Following on from my first blog, here are some thoughts around a project I'm currently involved in relating to ontology.
The idea for a New Zealand all-of-government ontology first came up – as far as I am aware – in 2018. At this time Archives New Zealand (Archives NZ) was grappling with how to improve access to its holdings, reform of the State Sector Act was encouraging cross-agency work, and other departments, notably Statistics NZ and the Department of Internal Affairs, were working hard on standards and models to improve information sharing. The stars were aligning, but first we had to be clear about a few things. Like what did we mean by ontology, and come to that, what did we mean by all-of-government? And assuming we can agree on definitions, how is this thing even going to help?
In the last few years the word ‘ontology’ seems to have started occupying the conceptual space that ‘taxonomy’ did in the 1990s and 2000s, in that to some people it simply means a set of vocabularies relating to a specific domain or organisation (see https://www.w3.org/standards/semanticweb/ontology for more on this). As far as I’m concerned, that’s not wrong, it’s just half the story, and it’s the missing half that turns it into a best-seller. Vocabularies, yes, but in an ontology the terms in those vocabularies will belong to designated categories (classes or entities) which support the creation of rich relationships between them. So, as a basic example, we have a list of musical works, and we have a list of artists, and we can relate the works to the artists by creating explicit relationships to show who wrote what, and who performed what. The vocabularies in the ontology can be used as authoritative term sets and a means to interoperability, and the ontology as a whole can be used to support findability, autocategorisation and classification, inferencing, knowledge graphs, and more besides.
As for ‘all-of-government’, that could refer to an ontology which focuses just on the structure of government, or which covers all government activities, or one that is used by all government agencies, or all three. In New Zealand there are already three ontologies which were designed to cover all the activities of their respective agencies (Inland Revenue, Ministry of Justice and the Department of Conservation), plus ontologies developed for specific initiatives in at least another three agencies. Almost all of them use the same classes as their backbone or upper ontology (for example Party, Activity, Event, Authority), so in theory there should be scope for harmonisation and cross-walks (and in most areas I would say that’s true, but there are always gotchas, of course, of which more another time).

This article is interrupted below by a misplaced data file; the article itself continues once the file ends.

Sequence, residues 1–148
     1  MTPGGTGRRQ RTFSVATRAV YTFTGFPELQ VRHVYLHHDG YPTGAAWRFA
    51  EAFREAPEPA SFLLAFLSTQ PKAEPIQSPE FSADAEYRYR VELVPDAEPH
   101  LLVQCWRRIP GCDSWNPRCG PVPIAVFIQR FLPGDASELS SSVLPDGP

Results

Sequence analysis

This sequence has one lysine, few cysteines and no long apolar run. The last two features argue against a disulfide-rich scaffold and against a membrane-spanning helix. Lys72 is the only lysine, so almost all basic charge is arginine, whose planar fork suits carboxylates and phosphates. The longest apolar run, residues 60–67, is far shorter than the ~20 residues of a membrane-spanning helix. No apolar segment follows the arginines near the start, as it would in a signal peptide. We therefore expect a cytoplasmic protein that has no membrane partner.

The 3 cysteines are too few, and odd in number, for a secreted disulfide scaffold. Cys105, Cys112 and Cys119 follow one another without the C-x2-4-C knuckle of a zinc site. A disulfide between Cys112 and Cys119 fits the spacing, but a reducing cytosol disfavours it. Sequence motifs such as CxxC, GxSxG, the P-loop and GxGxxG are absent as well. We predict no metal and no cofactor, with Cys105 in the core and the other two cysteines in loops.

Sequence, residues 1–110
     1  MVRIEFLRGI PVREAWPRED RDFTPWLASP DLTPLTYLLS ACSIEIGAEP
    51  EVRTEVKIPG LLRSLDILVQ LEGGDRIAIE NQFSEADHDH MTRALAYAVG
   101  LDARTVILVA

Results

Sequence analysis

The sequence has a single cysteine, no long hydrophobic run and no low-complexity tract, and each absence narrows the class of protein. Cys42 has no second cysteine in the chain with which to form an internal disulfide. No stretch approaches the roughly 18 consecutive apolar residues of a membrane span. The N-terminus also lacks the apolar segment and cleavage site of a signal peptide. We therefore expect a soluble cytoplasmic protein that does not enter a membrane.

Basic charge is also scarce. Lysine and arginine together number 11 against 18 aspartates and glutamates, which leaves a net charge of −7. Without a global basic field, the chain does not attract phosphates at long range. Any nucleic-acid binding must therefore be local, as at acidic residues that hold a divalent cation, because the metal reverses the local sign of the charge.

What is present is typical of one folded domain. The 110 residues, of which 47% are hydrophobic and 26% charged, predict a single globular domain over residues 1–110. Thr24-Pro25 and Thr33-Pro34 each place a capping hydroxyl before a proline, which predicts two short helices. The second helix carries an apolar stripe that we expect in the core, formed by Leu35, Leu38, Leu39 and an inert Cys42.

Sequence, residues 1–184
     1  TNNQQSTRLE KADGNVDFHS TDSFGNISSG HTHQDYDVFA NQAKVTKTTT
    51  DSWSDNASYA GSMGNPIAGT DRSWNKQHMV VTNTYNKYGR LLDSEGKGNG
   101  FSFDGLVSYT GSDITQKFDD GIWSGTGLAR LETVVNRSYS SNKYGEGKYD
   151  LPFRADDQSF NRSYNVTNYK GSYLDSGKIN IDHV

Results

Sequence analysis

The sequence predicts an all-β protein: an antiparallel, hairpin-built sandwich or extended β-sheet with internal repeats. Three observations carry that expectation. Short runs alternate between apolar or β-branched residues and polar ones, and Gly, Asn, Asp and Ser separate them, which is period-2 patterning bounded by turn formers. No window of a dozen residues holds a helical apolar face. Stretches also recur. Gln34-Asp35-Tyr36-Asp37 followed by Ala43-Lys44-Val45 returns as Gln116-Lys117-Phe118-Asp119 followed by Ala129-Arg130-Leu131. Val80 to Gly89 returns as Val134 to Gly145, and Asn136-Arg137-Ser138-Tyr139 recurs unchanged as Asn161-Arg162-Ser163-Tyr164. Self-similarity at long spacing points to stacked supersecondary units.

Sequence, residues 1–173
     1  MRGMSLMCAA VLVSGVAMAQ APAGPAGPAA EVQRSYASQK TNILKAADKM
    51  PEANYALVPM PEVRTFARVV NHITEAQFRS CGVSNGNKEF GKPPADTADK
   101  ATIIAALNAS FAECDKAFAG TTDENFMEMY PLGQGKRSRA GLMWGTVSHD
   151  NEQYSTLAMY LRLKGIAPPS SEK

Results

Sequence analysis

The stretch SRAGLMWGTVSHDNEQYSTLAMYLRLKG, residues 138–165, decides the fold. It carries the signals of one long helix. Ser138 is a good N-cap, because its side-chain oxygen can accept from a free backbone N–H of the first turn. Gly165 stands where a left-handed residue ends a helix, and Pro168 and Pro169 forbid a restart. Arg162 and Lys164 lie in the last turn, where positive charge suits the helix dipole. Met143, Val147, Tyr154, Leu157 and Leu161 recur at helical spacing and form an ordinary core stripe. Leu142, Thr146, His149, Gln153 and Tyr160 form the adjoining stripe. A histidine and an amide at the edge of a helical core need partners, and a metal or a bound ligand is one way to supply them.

So what then is the most useful interpretation of ‘all-of-government’? Which brings us back to: how could ontology help New Zealand government, and therefore benefit New Zealanders?
As I said at the start, Archives NZ needs to provide easy, intuitive access to the digital content it receives (or will receive) from government departments, who of course all have their own way of describing their records. This diversity of description may work for each agency, but is unlikely to be helpful to someone trying to search across the archives. Is there a way to offer standardised terminology for agencies to build on, ie useful lists that all or several agencies might incorporate in their own systems? Such pre-existing lists would save them time and make searching across documents and data so much easier. There’s already a lot of work being done in this area: could that be incorporated into an ontology? Or is it better to try to standardise language as records are received by Archives New Zealand? And how could that happen?
One particular area that has caused increasing concern here is the difficulty of tracing the ‘family tree’ of government: to find out which agency was responsible for what at any given time. This is crucial for individuals trying to establish where records might be kept, whose responsibility a particular outcome was, or what the legal situation was in a given situation. How can you find the records when you don’t even know the name of the relevant department? A solution to this would be an all-of-government ontology which lists all agencies and links them to their predecessors, to their parent or child organisations, to their portfolios, and even to their ministers.
But this is just some of what an all-of-government ontology could be. In order to dig into this more concretely, explore the benefits, and come up with some recommendations, my colleague Liz Wilson and I were charged with writing an options paper for Archives NZ. It was focused on New Zealand needs and activities, but we looked briefly at what other countries are doing and at key international standards. Most importantly, we interviewed people working in NZ government, research and the public sector to gather their views and pain points in relation to information findability, sharing and management, and were impressed time and again by our interviewees’ insights and willingness to share them. The more we talked to them, the more it really did feel that the time is right. And what we mean by ‘ontology’ and ‘all-of-government’ is a lot clearer, as you can see for yourselves (I hope!) in the options paper, which is available here https://archives.govt.nz/publications/all-of-government-ontology-options-paper. The next step now is to put together the development plan. Fun times, as they say here!